Individuals face evolutionary trade-offs between the acquisition of costly but accurate information gained firsthand and the use of inexpensive but possibly less reliable social information. American crows (Corvus brachyrhynchos) use both sources of information to learn the facial features of a dangerous person. We exposed wild crows to a novel ‘dangerous face’ by wearing a unique mask as we trapped, banded and released 7–15 birds at five study sites near Seattle, WA, USA. An immediate scolding response to the dangerous mask after trapping by previously captured crows demonstrates individual learning, while an immediate response by crows that were not captured probably represents conditioning to the trapping scene by the mob of birds that assembled during the capture. Later recognition of dangerous masks by lone crows that were never captured is consistent with horizontal social learning. Independent scolding by young crows, whose parents had conditioned them to scold the dangerous mask, demonstrates vertical social learning. Crows that directly experienced trapping later discriminated among dangerous and neutral masks more precisely than did crows that learned through social means. Learning enabled scolding to double in frequency and spread at least 1.2 km from the place of origin over a 5 year period at one site.
An animal's world includes environmental challenges that select for adaptive traits across generations , as well as those that change within individual lifetimes and necessitate adaptive learning . Learning from direct trial and error experiences allows for a wide range of species to rapidly adjust their behaviour to changing conditions [3–5], but errors can be costly [6,7]. Species able to observe and imitate others , even crudely , can forgo this cost by adjusting to changing environments through social learning and cultural evolution [10,11].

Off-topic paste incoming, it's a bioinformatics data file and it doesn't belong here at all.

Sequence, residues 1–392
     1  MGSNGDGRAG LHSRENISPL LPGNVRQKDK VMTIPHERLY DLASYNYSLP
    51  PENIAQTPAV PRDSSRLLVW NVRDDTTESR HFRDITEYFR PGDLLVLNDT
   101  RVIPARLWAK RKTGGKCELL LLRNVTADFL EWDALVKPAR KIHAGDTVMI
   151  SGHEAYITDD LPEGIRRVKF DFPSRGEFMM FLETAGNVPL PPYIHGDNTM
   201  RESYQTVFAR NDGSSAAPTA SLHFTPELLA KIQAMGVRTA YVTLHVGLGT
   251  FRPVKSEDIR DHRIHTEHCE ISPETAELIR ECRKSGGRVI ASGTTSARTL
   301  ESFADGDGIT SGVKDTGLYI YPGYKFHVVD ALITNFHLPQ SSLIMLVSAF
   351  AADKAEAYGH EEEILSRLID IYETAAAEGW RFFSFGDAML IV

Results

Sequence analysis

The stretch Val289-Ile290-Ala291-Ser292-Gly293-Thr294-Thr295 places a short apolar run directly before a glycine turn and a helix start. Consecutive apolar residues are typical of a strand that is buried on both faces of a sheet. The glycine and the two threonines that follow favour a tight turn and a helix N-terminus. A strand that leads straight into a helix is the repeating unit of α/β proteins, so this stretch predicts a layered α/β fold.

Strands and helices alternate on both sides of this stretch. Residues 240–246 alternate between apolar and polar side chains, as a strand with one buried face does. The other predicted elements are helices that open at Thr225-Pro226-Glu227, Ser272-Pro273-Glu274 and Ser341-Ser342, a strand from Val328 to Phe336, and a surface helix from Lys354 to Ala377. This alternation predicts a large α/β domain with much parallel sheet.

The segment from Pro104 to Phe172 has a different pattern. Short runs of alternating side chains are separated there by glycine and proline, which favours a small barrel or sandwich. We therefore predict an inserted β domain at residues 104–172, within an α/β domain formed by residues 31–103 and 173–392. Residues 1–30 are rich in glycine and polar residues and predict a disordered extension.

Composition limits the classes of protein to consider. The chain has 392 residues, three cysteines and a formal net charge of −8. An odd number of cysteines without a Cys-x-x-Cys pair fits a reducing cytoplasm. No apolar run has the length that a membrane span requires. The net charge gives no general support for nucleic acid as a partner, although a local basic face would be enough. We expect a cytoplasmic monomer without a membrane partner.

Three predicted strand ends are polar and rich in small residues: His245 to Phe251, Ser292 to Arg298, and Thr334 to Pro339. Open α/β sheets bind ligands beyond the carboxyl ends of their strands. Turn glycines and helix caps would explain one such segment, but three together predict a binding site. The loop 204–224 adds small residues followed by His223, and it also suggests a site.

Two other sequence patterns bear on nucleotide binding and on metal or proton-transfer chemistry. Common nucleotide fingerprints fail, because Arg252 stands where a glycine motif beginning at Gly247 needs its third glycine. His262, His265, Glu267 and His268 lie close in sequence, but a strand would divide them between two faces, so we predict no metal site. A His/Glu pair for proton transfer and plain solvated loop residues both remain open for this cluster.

In our increasingly human-dominated world, animals frequently face new dangers and opportunities that would profitably be solved through social learning. Nowhere may this be more apparent than in our cities, where changing abiotic conditions; novel anthropogenic foods and other subsidies; and exotic predators, diseases and competitors are potent, novel and erratic selective forces [12,13]. The behaviour of individual people towards animals is often changing, and recent studies have demonstrated that an ability to discern differences between humans [14,15] may enable successful species to adapt to, and even coevolve with, human behaviour . Because human actions often threaten animals, learning socially about individual people's habits would be advantageous.
Learning dangers by observing others is well understood in the laboratory , but difficult to demonstrate in nature because public information can influence an animal's behaviour without the need for imitative social learning [18,19]. Society can influence an individual's behaviour by stimulating (contagion), exposing or supporting an action that already exists in the animal's repertoire. Such socially influenced traits are subject to cultural transmission, but at best provide weak evidence for social learning as new behaviours need not be acquired [20,21]. By contrast, social animals often model adaptive traits that enable individuals to learn the object, location or circumstances that enhance fitness. Such social learning (i.e. stimulus enhancement or observational conditioning; ) is more rudimentary than imitating complex behaviours or learning about goals from others, but it is common among socially tolerant animals [22,23].